A 43-year-old civil engineer died instantly, after he was hit by a speeding electric train when he was crossing a railway track in Irumbuliyur, between Perungalathur and Tambaram stations on Saturday morning.
Government Railway Police officers said Andar Pillai, a native of Kanyakumari district, was living in Nanmangalam near Tambaram. He had reached the Peerkankaranai bus stop from Nagercoil by bus on Saturday morning. He was waiting for his driver to come there to pick him up in his car.
He crossed the railway lines for a cup of tea, and was returning towards the bus stop, when he was hit by a train on its way to Tambaram from Chengalpattu.
The accident took place at 8.10 a.m., during the morning rush hour. A huge crowd gathered around the spot. His body was taken to Tambaram Taluk Government Hospital in Chromepet and after a post-mortem examination, was handed over to his relatives.
The stretch between Perungalathur and Tambaram railway stations is a high-risk zone, with a large number of accidents being reported. For the Government Railway Police, Tambaram, whose jurisdiction extends from St. Thomas Mount to Singaperumal Koil, a distance of nearly 40 km, accidents such as these are frequent occurrence.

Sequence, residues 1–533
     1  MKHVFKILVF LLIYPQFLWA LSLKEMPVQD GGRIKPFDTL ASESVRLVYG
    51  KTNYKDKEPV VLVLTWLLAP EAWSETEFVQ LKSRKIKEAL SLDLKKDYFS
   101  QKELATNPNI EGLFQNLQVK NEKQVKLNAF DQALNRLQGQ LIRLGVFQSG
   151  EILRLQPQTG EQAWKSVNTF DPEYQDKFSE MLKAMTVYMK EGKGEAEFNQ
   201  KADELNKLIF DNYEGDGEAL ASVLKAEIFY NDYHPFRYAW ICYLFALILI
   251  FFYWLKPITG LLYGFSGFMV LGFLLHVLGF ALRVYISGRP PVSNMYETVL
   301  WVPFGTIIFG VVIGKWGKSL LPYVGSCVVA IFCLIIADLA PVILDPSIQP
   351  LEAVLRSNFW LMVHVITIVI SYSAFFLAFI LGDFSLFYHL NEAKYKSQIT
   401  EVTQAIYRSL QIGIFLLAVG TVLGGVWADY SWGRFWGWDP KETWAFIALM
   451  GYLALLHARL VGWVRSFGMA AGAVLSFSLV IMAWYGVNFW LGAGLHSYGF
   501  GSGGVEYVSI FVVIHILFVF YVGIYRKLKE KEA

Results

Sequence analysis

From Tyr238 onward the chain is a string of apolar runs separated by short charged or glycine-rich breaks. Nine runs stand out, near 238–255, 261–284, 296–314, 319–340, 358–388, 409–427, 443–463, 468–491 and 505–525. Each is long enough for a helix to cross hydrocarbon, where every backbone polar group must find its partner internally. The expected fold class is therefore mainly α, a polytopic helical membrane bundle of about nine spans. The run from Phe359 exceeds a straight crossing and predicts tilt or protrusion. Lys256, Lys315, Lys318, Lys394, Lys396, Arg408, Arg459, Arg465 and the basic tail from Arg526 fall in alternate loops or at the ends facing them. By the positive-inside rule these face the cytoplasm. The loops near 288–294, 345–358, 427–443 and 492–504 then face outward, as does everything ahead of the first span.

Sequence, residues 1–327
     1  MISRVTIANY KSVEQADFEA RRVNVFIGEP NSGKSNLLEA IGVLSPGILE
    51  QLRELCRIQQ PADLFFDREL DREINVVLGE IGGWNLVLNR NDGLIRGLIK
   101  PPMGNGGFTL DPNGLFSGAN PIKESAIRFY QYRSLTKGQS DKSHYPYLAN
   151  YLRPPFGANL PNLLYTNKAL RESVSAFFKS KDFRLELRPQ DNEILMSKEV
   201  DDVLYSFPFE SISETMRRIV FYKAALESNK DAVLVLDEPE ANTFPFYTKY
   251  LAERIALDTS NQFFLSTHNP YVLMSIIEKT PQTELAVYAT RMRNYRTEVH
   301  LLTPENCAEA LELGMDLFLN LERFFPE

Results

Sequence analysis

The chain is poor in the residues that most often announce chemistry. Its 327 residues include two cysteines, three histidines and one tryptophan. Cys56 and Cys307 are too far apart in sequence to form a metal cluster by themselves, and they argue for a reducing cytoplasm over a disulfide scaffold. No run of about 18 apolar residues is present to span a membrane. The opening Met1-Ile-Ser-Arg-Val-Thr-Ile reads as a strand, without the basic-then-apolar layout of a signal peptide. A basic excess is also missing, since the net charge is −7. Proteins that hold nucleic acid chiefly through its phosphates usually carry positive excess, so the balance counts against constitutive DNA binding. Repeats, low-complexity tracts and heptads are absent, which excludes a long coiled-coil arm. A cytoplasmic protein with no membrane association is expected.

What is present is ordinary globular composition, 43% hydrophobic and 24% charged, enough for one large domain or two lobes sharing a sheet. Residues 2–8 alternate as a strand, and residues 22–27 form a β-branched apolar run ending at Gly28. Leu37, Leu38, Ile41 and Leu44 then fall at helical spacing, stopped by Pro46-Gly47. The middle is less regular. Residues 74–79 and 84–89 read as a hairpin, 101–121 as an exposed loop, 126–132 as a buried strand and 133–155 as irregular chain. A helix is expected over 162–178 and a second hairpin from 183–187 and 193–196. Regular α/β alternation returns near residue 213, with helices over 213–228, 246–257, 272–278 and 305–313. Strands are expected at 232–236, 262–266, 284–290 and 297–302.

A number of people cross the railway lines at this spot near the Erikkarai Bus Stop, including students. The most notorious spots are Irumbuliyur, Chromepet, Tirusulam and St. Thomas Mount on their way to the Government Higher Secondary School.
The number of people killed in such accidents has been on the rise. especially spots where the tracks curve, and also where a large number of people cross the tracks in the absence of foot overbridges or subways. In 2009, the number of people killed in train-related accidents in the jurisdiction of GRP, Tambaram was 165, rising marginally to 168 in 2010. The figure shot up to 181 in 2011 and in 2012, a total of 184 people lost their lives, according to GRP officers.
Rail commuters associations have been urging Southern Railway and State government agencies including local bodies to come together to create better facilities for pedestrians, especially in the hazardous spots.